AMERICAS NEWS: Thinking globally

QuadReal had a busy first year. Since its June 2016 launch, the real estate subsidiary of the C$121.9 billion ($89.67 billion; €80.9 billion) British Columbia Investment Management Corporation has been consolidating its Canadian assets in-house and making an aggressive push abroad. Last month, QuadReal made its first US student housing investment – $600 million into a joint venture with CA Student Living and GI Partners – and announced the appointment of former AXA Investment Management – Real Assets chief investment officer Dennis Lopez as global chief executive. PERE caught up with QuadReal president Jonathan Dubois-Philips to see what else is ahead for the firm.

PERE: What was the genesis of QuadReal?
Jonathan Dubois-Philips: bcIMC had a 20-year plus real estate business, which was primarily run by three external managers: Bentall Kennedy, Great West Life [Realty Advisors] and RealStar. The managers were great, but we got to a size where it made sense to follow the Canadian model, where you create a wholly-owned platform, with all decisions made in one place. bcIMC had owned a third of Bentall Kennedy, but [in 2015] we sold it to Sun Life and its management was divested. That was an opportune time to launch this platform.

PERE: What about outside of Canada?
JDP: The portfolio was 87 percent Canada when QuadReal launched. Over time, we want to grow that to more of a 50-50 percentage to diversify the risk. And in rough numbers, 50 percent outside of Canada will be in the Americas, 25 percent will be Asia and 25 percent the UK and Europe.
That’s where Dennis comes in. Dennis brings his vast international experience and great network. So he’s going to help complete the transition in Canada and then help plan the growth of the portfolio outside of Canada.

PERE: How are you looking to grow?
JDP: First, programmatic joint ventures: we’ve done a number of them in the US and Mexico. The second would be club deals, where we’re partnering with like-minded, deep-pocketed, long-term investors. We’ve done one of those in London, where we invested in a 1.4 million-square-foot office building with three other partners, and we’re all 25 percent interests, all similar investment horizons. Then a very distant third and a very small piece of the business would be strategic fund investing, probably representing less than 10 percent of the portfolio.

PERE: How does the student housing JV fit into your strategy?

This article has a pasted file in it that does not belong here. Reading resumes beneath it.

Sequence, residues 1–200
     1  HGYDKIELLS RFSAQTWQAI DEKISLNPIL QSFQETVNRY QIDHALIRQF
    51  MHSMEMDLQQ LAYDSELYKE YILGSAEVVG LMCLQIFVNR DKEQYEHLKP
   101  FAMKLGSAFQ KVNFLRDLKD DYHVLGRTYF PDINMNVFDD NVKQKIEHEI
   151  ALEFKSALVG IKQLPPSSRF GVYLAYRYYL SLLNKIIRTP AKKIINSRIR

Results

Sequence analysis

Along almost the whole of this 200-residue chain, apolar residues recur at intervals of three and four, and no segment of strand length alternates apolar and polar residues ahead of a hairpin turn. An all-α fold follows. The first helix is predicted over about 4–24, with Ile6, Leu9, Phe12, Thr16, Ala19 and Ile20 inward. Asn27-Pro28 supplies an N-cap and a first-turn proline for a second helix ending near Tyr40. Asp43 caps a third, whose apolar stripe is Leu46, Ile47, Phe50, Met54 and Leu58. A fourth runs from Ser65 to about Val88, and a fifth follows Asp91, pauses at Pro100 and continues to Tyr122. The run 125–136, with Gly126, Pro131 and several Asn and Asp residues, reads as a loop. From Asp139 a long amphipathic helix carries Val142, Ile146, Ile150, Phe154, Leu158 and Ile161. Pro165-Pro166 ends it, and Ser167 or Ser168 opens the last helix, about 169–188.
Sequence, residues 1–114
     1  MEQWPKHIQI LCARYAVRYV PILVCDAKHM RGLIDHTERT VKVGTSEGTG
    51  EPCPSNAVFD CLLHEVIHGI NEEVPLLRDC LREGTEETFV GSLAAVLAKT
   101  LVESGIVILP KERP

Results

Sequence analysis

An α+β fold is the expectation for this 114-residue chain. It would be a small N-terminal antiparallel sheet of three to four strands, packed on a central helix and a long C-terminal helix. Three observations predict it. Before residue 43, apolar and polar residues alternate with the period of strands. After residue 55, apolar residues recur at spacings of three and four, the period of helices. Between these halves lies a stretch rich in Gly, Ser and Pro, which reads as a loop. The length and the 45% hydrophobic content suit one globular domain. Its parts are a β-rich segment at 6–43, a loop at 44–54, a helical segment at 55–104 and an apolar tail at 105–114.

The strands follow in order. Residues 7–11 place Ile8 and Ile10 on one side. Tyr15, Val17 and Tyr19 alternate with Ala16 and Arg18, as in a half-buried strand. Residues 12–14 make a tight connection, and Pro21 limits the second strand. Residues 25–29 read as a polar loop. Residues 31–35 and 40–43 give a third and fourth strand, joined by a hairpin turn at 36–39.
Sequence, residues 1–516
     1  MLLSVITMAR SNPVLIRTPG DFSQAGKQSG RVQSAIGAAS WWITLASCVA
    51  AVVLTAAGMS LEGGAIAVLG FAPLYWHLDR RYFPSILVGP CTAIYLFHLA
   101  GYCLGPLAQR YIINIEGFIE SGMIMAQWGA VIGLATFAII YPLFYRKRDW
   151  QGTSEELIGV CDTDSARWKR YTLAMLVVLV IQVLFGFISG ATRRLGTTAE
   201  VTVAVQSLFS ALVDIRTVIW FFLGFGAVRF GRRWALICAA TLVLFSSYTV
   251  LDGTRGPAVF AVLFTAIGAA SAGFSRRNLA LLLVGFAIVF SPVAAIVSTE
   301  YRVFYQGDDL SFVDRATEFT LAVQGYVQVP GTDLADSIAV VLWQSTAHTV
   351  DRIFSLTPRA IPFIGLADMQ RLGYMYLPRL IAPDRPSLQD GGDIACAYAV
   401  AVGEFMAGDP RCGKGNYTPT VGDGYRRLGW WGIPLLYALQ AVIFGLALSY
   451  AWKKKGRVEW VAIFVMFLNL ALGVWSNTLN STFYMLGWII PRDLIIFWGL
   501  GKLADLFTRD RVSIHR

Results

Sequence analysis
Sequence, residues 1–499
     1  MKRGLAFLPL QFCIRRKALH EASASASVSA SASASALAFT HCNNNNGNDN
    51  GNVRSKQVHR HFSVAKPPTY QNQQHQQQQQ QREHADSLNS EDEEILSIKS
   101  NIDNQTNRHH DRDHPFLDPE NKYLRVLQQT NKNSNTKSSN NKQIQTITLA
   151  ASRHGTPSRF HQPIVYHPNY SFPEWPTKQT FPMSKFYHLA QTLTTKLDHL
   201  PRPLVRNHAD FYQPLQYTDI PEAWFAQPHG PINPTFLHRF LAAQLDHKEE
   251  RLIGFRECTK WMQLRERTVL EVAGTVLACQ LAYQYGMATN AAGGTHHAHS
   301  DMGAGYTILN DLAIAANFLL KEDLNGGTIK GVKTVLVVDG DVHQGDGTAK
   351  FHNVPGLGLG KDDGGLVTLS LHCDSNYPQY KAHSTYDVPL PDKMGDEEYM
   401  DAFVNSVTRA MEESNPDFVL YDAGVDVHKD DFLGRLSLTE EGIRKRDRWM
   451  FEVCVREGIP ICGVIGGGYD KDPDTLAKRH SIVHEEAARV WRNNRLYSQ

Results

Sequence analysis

JDP: Where we are in the cycle, we are focused on sectors that we think are recession or downturn resistant. I think student housing fared very well in the last two downturns in the US. We’ve been looking for a long time, trying to find the right partner with the right deep track record. The CA Student Living guys had a long track record and were willing to put skin in the game. It was of the right scale so it made sense for us.

PERE: What has been QuadReal’s international activity thus far?
JDP: We’ve committed probably C$1.5 billion to the US since June 1 of last year, which is sizable for a company of our size. We’re active in multifamily and we’re active in logistics. We’re also formulating our strategy for Asia, where, of the three regions, we have the least invested.

PERE: How do you see the team evolving at QuadReal?
JDP: Our plan is to get the big domestic pieces under our belt and build the team in Vancouver. So, by this time next year, we’ll have 1,100 employees in QuadReal. Once we’ve gotten the big pieces in Canada sorted out and honed the strategy more, then we’ll look in the future at opening offices outside of Canada. Right now, it looks like the first office will be in London. That’s probably 24 to 36 months out from today. We’ll have a presence in the UK, the US, and in Asia over the next five years.

PERE: Why London in terms of your first international office?
JDP: Because we have investments there, having boots on the ground is very helpful. Most people would think the US should be first, given we have more money invested there, but we find that covering the US from Vancouver is fine. It’s not difficult.